Despite being priced at just £20k, it can make a £1-million car look mundane.

The tiny two-seat Smart car gets even quirkier with this special edition.

In 2001, Smart showcased an exotic concept car along with the message of “less is more”. It garnered so much attention that the company put it into production the following year, marking the introduction of the Smart ForTwo Crossblade.

Smart ForTwo Crossblade
JuergenG, CC BY-SA 3.0, via Wikimedia Commons

Introduced in June 2002 and available for purchase for €21,000, the Crossblade sold out quickly. Not only was the design a unique take on the Smart car but the Crossblade was also limited edition, with only 2,000 examples being produced, each individually numbered.

One example was purchased by the then-eccentric Robbie Williams, making an example of the kind of personality this wild car was made for.

Smart ForTwo Crossblade
Supermac1961 from CHAFFORD HUNDRED, England, CC BY 2.0, via Wikimedia Commons

Weighing in at just 740kg thanks to the stripped-back design, the Crossblade may have looked sporty but it was all for show. In reality, the car produced 70hp from a 600cc 3-cylinder engine and despite looking like a baby Ariel Atom, this was never meant to be a car for a track.

Strangely, there were many sporty elements built into this car. For instance, the car had a rear-engine layout and was of course rear-wheel drive. It also had scissor doors, just like a supercar and the engine was tweaked by Brabus.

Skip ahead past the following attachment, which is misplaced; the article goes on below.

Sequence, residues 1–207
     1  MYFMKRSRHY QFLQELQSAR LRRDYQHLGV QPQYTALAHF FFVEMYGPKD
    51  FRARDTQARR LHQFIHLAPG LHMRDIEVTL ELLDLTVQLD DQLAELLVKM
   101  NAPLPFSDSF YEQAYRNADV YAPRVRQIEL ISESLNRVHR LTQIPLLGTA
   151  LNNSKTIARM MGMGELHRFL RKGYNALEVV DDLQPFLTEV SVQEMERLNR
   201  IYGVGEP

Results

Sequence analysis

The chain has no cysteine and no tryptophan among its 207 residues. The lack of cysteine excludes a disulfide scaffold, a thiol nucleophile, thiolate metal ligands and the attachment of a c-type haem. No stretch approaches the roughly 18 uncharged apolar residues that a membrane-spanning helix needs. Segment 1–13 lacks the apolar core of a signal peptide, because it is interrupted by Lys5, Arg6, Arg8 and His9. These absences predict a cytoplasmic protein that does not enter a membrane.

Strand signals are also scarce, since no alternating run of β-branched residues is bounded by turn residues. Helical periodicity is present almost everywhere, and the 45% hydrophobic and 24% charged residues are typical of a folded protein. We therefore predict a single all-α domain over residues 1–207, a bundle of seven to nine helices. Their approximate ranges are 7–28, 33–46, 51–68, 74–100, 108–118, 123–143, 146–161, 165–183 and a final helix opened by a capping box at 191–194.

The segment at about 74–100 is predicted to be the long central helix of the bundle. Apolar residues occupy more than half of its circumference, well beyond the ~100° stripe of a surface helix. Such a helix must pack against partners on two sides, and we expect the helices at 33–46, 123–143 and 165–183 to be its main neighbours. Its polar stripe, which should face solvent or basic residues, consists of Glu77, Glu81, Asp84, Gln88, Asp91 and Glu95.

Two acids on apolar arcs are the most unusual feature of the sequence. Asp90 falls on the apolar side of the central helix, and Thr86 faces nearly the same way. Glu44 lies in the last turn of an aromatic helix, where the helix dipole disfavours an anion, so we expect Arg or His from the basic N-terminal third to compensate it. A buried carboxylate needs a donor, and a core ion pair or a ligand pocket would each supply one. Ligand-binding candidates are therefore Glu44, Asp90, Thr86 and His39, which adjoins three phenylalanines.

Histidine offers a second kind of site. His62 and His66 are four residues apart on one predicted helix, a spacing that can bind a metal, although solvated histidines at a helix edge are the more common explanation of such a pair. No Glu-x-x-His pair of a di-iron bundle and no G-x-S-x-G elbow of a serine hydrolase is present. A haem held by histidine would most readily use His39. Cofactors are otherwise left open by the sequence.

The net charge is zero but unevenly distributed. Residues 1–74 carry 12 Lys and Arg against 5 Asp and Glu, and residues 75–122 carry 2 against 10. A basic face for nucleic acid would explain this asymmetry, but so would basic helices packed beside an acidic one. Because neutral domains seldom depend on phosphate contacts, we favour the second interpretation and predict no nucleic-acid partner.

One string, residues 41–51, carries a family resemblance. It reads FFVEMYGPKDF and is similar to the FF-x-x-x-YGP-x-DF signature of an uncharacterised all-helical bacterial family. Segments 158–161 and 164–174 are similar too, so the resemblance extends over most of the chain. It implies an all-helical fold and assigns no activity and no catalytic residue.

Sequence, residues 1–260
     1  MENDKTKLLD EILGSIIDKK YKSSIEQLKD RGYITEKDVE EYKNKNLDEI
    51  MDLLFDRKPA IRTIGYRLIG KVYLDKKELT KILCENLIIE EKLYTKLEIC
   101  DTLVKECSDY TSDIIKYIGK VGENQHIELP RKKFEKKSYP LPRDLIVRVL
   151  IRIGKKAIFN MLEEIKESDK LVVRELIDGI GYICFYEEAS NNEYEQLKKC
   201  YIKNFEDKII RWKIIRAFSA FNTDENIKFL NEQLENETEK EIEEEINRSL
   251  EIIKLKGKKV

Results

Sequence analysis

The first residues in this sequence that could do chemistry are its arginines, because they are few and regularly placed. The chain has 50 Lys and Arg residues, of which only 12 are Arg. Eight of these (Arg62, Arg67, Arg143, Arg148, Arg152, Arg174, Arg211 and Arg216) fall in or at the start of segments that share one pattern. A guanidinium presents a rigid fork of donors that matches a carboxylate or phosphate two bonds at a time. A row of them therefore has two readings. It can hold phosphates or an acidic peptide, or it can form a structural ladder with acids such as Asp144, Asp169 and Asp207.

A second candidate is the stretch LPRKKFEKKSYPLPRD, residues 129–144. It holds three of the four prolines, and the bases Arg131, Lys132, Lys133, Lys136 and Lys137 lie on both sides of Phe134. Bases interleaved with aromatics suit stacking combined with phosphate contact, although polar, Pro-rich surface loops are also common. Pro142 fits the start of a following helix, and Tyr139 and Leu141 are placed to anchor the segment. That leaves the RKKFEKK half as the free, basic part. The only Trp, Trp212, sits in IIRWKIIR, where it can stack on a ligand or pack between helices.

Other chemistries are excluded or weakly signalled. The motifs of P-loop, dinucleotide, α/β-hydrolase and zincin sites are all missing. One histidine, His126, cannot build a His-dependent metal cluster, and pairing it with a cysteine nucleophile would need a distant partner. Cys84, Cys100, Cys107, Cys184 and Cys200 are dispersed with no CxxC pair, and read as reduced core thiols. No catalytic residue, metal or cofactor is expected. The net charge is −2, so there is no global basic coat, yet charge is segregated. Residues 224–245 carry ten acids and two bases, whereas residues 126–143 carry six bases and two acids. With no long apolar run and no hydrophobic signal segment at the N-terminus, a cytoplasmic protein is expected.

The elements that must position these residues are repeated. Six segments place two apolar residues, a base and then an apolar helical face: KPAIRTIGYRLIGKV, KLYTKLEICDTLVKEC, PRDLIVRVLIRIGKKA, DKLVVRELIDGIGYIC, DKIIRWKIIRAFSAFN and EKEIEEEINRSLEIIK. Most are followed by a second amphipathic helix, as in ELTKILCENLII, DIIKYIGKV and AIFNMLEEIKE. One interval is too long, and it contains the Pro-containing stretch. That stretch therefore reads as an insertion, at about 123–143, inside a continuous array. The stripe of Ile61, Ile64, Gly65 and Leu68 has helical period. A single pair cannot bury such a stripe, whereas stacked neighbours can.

Smart ForTwo Crossblade
Dietmar Rabich / Wikimedia Commons / “Santorin (GR), Akrotiri, Auto — 2017 — 141425” / CC BY-SA 4.0

Despite its meagre power output, there is no denying that the Crossblade looked the part. Parked next to a car worth twenty times its value, this little limited edition Smart car would undoubtedly attract more eyeballs. A two-tone aesthetic, low profile tyres, an open-air cockpit like a £2 million Ferrari Monza SP2 and a spoiler-like C pillar at the rear.

With no roof, no doors and a tiny little wind deflector screen, it was described as ‘an open leisure car uncompromisingly designed for blue skies and high spirit’. The name Crossblade comes from the experience of driving it which is supposedly comparable to gliding on rollerblades.

The Crossblade is an excellent example of a car that looks sporty but is in reality, as sluggish as ever. The turbocharged ‘tweaked by Brabus’ engine was capable of propelling the little car from 0-62mph in around 17 seconds. And with a top speed of 84mph, it can’t be considered fast by any measurement.

A truly wonderfully weird car that we hope is seen again with a modern rendition made by Smart using their current ForTwo model.

Let us know what you think, in the comments below.

If you enjoyed this, you may also like: ‘Nissan S-Cargo: Weird Car of The Month

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